I was recently asked to characterize the usual psychotherapeutic approach with those who are diagnosed within an autistic spectrum disorder. The questioner asked me to contrast Cognitive Behavioral Therapy (CBT) with psychodynamic psychotherapy. CBT has become, over the last two decades, a choice approach in the treatment of many disorders including depression and obsessive-compulsive disorder. It is sometimes effective as the sole treatment, or at other times, with medication.

CBT deals with the cognitions (more-or-less ideas, attitudes and preconceived notions) that one has developed throughout life that predisposes one to perceive and expe­ri­ence events and emotions in a certain way. It is based on the idea that we have learned ways of reacting, and that the maladaptive and distorted ways we react can be unlearned. For example, if one is exposed to teasing and bullying in childhood, he or she may have trouble anticipating positive expe­ri­ences with people later in life. This may then interfere with seeing people in a new light and thus in developing new relationships. CBT is generally brief and time limited. The behavioral part of CBT involves encouragement of the individual to engage in social and adaptive activities.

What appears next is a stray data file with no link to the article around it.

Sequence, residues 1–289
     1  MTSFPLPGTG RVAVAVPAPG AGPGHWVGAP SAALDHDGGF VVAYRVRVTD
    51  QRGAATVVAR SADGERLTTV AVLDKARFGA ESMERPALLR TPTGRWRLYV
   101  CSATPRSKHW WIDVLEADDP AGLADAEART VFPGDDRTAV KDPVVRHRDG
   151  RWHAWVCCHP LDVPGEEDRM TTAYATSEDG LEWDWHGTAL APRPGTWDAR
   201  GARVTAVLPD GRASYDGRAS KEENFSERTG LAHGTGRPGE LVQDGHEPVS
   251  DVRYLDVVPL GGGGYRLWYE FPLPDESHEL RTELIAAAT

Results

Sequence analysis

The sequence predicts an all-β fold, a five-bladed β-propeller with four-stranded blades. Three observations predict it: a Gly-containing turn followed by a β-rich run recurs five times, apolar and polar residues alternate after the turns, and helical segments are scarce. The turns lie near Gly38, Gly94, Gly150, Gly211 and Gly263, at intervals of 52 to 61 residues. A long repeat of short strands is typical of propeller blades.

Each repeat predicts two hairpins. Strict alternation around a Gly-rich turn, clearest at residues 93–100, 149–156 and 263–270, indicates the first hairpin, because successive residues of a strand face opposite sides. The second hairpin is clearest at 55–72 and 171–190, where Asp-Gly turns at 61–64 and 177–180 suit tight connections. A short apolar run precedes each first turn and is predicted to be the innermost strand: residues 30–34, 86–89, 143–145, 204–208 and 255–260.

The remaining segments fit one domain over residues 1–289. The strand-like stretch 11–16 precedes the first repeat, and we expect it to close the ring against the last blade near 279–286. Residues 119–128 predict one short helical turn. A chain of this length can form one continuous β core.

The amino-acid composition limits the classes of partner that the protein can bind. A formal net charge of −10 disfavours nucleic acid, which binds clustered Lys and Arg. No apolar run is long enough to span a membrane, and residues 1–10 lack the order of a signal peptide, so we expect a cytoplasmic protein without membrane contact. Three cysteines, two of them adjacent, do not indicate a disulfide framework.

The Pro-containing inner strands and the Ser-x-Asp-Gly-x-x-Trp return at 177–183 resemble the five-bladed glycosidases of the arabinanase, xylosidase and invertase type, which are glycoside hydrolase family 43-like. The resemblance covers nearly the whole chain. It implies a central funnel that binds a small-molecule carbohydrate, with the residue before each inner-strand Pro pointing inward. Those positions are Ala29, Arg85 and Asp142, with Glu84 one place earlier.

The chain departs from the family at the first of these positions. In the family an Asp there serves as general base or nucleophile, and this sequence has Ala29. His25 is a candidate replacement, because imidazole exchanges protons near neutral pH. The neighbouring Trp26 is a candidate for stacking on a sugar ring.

Psychodynamic psychotherapy is based on the idea that one’s present problems and conflicts are based in ones past and that an in-depth exploration of ones past is necessary to explain and resolve current problems. This in depth exploration is not time limited. Play therapy with children is more a psychodynamic approach whereas helping children to learn how to play in a social skills group is more in line with CBT.

In general, it appears that CBT is the more appropriate approach in the treatment of those diagnosed with an autistic spectrum disorder.